Hitchhiking in Uzbekistan: road stories #17 – from Bukhara to Shahrisabz
Staying in Bukhara: the emergency couchsurfing host and enjoying Uzbekistan’s most beautiful city
The first thing to do was to take stock. We had been left hostless and it was dark, so we sought out a restaurant with wifi, had some food and sent out emergency couchsurfing requests in the slim hope somebody would be able to help us at least for the night. Whilst we were waiting, the place filled up with Spanish speakers so we passed the time trying to remember how to speak Spanish without throwing in Russian words all the time.
Just as we were about to give up hope our phone rang. Ruslan, an Uzbek by passport but a Russian by everything else, offered to put us up for the night in his abandoned apartment on the edge of town. He had just returned to the city of his birth after spending the last few years living in Moscow and only then so he could reapply for his passport ready to leave again. He was a super nice guy and was to prove a real help during our stay in the city. We spent the night on a single bed in a cold, run down flat but at least we had a roof over our heads and hot water on tap.
The next day we searched for a hostel, which disappointed us greatly as couchsurfing is always more fun, but it was cheap, centrally located and had everything you would expect. Plus we needed to get registered again (damn law!) so perhaps it was for the best.
We spent our time in Bukhara walking around and soaking up what was soon to become our favourite city in Uzbekistan. It didn’t take us long to agree that architecturally it was the most beautiful city we had visited on our trip so far. Similar to Khiva but more lived in, the city centre seemed like something out of a picture book and we were especially impressed with Char Minar, a gem that for some reason we fell in love with despite it being one of the lesser renowned attractions.
Hitchhiking to Shahrisabz: being gifted money, a sleepy tuck driver and a man with two wives
It had been lovely to relax in the surrounds of Bukhara but as always what lay in front of us beckoned us forth.
After negotiating a local bus to the city limits our first ride was one of those that reaffirms your faith in humanity. Two men and a women who were driving to the next village stopped and in we climbed. It was a pretty uneventful ride but when we got out we found bread and money being thrust into our hands. Being gifted money does happen to us occasionally but we always reject it, truthfully saying that we don’t need it, but this time they refused to take it back. We tried and tried but they were having none of it and drove off.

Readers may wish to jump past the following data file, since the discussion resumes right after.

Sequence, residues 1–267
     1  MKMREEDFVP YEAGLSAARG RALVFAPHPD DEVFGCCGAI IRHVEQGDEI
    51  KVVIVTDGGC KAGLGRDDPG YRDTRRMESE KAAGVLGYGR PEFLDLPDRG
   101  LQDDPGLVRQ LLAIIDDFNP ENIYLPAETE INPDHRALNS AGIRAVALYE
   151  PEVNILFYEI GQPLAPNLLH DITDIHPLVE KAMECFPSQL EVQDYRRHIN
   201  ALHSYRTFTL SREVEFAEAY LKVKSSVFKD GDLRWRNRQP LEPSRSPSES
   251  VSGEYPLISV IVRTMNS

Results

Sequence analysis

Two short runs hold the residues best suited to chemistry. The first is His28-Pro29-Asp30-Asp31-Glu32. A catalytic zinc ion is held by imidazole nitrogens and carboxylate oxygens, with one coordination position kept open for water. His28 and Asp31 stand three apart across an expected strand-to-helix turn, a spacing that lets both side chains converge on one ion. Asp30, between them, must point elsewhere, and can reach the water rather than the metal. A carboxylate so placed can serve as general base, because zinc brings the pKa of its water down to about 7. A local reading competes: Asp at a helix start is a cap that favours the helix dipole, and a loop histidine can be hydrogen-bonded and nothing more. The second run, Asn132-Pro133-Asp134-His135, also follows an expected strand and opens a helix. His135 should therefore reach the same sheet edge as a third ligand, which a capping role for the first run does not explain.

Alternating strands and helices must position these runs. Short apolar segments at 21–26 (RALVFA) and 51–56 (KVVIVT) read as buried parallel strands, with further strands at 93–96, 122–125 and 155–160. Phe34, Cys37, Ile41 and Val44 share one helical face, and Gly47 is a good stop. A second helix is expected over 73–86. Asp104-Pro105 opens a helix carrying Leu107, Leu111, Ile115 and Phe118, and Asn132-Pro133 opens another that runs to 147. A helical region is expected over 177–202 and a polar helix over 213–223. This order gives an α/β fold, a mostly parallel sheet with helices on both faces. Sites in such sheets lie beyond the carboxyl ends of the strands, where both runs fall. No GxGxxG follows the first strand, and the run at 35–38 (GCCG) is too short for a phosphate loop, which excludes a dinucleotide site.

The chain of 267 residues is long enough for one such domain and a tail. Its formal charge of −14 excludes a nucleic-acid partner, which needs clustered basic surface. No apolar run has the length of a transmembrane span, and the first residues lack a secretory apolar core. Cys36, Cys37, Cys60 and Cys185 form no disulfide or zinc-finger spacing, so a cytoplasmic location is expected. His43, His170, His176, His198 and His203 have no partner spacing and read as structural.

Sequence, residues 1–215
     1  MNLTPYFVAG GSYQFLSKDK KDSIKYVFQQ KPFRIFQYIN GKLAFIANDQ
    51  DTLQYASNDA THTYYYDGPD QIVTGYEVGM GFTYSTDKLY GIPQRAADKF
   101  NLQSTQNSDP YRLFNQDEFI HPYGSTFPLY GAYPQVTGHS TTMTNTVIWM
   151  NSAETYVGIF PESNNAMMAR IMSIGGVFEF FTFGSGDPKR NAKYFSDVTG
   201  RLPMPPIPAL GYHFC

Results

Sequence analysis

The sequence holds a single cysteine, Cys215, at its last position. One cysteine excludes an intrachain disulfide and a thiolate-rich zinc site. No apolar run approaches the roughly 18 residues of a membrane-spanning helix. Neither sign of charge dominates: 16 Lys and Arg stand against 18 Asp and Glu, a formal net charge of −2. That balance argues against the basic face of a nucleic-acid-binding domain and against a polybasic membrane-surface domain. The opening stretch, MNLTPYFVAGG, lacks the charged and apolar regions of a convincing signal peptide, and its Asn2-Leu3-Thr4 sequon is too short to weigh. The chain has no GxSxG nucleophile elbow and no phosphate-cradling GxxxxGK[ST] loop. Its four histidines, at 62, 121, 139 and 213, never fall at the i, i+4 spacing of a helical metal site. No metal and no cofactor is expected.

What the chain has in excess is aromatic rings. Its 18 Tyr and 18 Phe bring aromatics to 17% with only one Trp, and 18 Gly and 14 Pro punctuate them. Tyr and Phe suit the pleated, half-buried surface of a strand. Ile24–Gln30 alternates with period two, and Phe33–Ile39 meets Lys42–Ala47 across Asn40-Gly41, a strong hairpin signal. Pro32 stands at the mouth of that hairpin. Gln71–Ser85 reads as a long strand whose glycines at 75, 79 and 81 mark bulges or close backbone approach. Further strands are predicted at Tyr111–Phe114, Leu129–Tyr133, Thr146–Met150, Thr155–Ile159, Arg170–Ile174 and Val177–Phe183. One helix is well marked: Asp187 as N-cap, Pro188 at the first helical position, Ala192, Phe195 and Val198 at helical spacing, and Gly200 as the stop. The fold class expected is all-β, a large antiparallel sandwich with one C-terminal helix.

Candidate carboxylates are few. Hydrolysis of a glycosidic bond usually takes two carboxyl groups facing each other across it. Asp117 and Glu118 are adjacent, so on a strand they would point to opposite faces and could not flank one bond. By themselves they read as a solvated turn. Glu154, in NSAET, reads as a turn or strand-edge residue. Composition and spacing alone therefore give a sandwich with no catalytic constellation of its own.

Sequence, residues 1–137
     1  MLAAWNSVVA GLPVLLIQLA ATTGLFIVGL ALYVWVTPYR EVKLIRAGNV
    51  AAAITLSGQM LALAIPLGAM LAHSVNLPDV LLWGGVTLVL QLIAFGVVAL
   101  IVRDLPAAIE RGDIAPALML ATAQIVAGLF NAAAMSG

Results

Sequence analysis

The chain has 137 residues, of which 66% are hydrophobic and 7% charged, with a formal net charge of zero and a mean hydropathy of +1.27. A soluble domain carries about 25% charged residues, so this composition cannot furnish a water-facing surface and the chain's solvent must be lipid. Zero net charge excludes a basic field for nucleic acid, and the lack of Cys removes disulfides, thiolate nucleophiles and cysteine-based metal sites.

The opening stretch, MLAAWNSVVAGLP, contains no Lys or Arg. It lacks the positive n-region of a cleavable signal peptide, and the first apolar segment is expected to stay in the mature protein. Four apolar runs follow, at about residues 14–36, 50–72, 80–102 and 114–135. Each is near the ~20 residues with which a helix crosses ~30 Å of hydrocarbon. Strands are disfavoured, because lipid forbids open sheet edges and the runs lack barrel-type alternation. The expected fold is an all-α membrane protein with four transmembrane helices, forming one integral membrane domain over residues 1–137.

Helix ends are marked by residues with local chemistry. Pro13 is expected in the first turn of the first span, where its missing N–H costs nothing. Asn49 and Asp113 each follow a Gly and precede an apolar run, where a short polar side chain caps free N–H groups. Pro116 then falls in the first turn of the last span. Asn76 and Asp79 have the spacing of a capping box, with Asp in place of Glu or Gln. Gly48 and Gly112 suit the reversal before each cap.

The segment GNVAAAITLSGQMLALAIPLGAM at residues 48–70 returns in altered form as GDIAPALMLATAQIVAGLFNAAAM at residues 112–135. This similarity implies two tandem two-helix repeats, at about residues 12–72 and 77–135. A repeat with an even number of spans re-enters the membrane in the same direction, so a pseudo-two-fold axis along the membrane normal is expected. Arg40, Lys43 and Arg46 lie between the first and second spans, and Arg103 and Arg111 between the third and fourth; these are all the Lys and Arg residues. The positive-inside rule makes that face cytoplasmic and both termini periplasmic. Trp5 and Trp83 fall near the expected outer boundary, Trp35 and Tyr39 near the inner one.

This is not the end, however, as 10 minutes later the driver was back, having dropped off his friends, and took us a little further along the road. Our driver, a Turkmen by ethnicity, also insisted in filling up our now depleted water bottles before eventually departing, this time for good. What a lovely bloke!
Next up, an Uzbek man listening to Uzbek and Russian music, he wasn’t really in the mood to chat. The next lift took us a long way and was with a truck transporting 7 tonnes of rice so as you can imagine that progress wasn’t fast. His Russian was worse than ours (and that’s saying something) and he kept calling his daughter to translate words. He had been driving for 15 hours straight and it did concern us a little that his head kept drooping but he was a nice guy though and we bade a friendly farewell.
We had been dropped off next to a roadside cafe that was teeming with people. We, feeling a bit peckish, popped in and we were soon surrounded by waiters who looked like they’d never seen a tourist before. Literally, 8 of them serving us at once!
Watered and fed we were on the road again. Two guys took us a little further on before we scored our final lift with a truck driver. The truck driver was a bit of an arse if truth be told. He refused to speak to Ania and he was quite proud of himself for having two wives, neither of which knew about the other one. Poor women! He did take us to the edge of Shahrisabz though so probably best not to moan too much.
Now, we had been unable to find a host in Shahrisabz, despite it being a UNESCO listed city, so we had done a bit of research before and found a cheap hostel that looked pretty central. Driving in though something was wrong, but that is a story for another day …
written by: Jon